Attention-deficit hyperactivity disorder (ADHD) is one of the most extensively studied behavior disorders that begin in childhood. Thousands of articles and books have been published on the subject. There are a number of reasons this disorder is of such interest to researchers and clinicians. The two primary reasons are, first, that ADHD is a relatively common disorder of childhood, and second, that there are numerous problems associated with ADHD, including lower levels of intellectual and academic performance and higher levels of aggressive and defiant behavior. (Although ADHD usually persists into adulthood, it is most commonly regarded as a childhood disorder.)

In national and international studies of childhood emotional and behavioral disorders, ADHD has been found to be relatively common among children. Although prevalence estimates range from 1 percent to 20 percent, most researchers agree that between 3 percent and 7 percent of children could be diagnosed as having ADHD. The revised fourth edition of the Diagnostic and Statistical Manual of Mental Disorders (DSM-IV-TR), published by the American Psychiatric Association in 2000, describes the diagnostic criteria for ADHD. In order to receive the diagnosis of ADHD according to DSM-IV-TR, a child must show abnormally high levels of inattention, hyper-activity-impulsivity, or both when compared with peers of the same age. The DSM-IV-TR lists two sets of behavioral symptoms characteristic of ADHD. The first list contains nine symptoms of inattention such as "often has difficulty sustaining attention in tasks or play activities," while the second list contains nine symptoms of hyperactivity-impulsivity such as "often talks excessively" and "often has difficulty awaiting turn." In order to be diagnosed with ADHD, a child must exhibit six to nine symptoms from at least one of the lists. Although many of these behaviors are quite common for most children at some point in their lives, the important point to consider in the diag nosis of ADHD is that these behaviors must be in excess of the levels of behaviors most frequently exhibited by children of that age and that the behaviors must cause functional impairment in at least two settings (for instance, at home and at school). Additionally, it is expected that these behaviors have been excessive for at least six months and that some of the problem behaviors were present by the time the child was seven years old.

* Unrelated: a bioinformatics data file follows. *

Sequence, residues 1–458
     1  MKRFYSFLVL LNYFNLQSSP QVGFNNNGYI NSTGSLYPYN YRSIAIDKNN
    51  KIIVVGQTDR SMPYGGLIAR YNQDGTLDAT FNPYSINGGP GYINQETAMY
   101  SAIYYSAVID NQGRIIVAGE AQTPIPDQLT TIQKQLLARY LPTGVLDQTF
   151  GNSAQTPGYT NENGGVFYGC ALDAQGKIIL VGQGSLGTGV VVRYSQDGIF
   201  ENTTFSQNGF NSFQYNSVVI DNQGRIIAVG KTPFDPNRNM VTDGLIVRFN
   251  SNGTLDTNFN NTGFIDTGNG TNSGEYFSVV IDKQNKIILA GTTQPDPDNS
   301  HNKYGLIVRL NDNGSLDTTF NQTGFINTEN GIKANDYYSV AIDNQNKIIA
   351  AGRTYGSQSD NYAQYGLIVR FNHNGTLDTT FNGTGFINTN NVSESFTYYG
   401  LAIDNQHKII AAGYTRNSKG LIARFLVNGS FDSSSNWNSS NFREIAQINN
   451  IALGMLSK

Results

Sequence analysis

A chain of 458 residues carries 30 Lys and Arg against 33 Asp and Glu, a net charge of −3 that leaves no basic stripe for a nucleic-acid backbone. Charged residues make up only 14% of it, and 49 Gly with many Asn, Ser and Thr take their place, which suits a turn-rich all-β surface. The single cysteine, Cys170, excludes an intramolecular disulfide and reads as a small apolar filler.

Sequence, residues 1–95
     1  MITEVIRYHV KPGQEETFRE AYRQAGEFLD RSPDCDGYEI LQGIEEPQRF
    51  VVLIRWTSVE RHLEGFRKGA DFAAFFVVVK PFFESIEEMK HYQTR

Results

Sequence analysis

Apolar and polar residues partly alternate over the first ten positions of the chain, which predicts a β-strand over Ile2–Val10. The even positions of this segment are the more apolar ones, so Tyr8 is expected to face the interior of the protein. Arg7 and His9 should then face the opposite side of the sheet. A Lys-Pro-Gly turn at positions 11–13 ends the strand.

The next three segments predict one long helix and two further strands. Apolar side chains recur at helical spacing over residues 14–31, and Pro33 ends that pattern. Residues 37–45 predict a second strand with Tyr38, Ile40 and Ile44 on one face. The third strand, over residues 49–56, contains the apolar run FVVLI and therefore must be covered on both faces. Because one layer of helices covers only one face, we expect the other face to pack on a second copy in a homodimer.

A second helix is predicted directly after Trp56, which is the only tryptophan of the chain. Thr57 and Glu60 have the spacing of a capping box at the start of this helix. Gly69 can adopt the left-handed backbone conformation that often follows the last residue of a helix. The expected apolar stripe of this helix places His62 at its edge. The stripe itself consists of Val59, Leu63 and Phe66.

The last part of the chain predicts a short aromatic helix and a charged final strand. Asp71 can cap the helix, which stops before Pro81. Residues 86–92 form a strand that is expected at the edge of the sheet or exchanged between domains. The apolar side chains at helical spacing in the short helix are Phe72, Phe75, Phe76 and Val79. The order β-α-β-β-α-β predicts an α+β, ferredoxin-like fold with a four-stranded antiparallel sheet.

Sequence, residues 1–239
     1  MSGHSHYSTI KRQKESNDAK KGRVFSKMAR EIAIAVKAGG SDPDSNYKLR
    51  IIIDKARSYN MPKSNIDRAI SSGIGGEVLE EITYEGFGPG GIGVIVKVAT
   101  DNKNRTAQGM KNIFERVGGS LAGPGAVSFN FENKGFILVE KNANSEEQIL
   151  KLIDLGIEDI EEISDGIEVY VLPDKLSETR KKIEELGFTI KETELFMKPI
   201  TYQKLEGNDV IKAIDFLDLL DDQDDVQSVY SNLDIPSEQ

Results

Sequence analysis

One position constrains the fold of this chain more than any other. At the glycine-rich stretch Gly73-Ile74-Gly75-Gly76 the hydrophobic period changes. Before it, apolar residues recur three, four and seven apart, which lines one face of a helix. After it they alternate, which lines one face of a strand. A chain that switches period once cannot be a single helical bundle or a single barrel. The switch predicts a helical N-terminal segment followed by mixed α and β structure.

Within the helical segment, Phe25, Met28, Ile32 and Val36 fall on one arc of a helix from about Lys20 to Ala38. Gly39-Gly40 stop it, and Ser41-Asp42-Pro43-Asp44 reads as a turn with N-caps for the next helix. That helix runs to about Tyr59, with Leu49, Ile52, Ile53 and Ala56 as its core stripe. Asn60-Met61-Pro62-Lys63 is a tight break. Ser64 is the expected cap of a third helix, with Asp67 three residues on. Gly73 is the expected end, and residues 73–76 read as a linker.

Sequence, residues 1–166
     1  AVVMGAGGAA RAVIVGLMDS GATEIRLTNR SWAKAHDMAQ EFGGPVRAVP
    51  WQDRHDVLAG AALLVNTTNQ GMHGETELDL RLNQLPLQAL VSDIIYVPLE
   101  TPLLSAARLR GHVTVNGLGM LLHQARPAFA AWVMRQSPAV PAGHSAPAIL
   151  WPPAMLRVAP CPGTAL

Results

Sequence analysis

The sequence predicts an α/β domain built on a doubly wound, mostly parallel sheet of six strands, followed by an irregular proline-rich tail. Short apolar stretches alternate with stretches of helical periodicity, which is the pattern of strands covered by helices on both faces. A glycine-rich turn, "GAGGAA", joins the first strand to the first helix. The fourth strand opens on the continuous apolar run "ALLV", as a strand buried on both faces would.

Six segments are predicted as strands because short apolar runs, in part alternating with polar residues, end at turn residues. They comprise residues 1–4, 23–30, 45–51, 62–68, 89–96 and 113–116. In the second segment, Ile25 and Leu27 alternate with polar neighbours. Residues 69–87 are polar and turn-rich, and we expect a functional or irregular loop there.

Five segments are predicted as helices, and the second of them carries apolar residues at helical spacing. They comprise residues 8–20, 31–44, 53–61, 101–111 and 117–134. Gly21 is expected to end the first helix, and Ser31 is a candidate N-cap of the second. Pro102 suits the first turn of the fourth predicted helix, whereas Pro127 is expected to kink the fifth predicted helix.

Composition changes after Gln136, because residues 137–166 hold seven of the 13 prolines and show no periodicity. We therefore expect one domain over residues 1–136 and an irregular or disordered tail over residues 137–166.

Boys tend to outnumber girls in the diagnosis of ADHD, with the male: female ratio estimated at 2:1 to 9:1, depending on the source. ADHD boys tend to be more aggressive and antisocial than ADHD girls, while girls are more likely to display inattentive symptoms of ADHD than boys.

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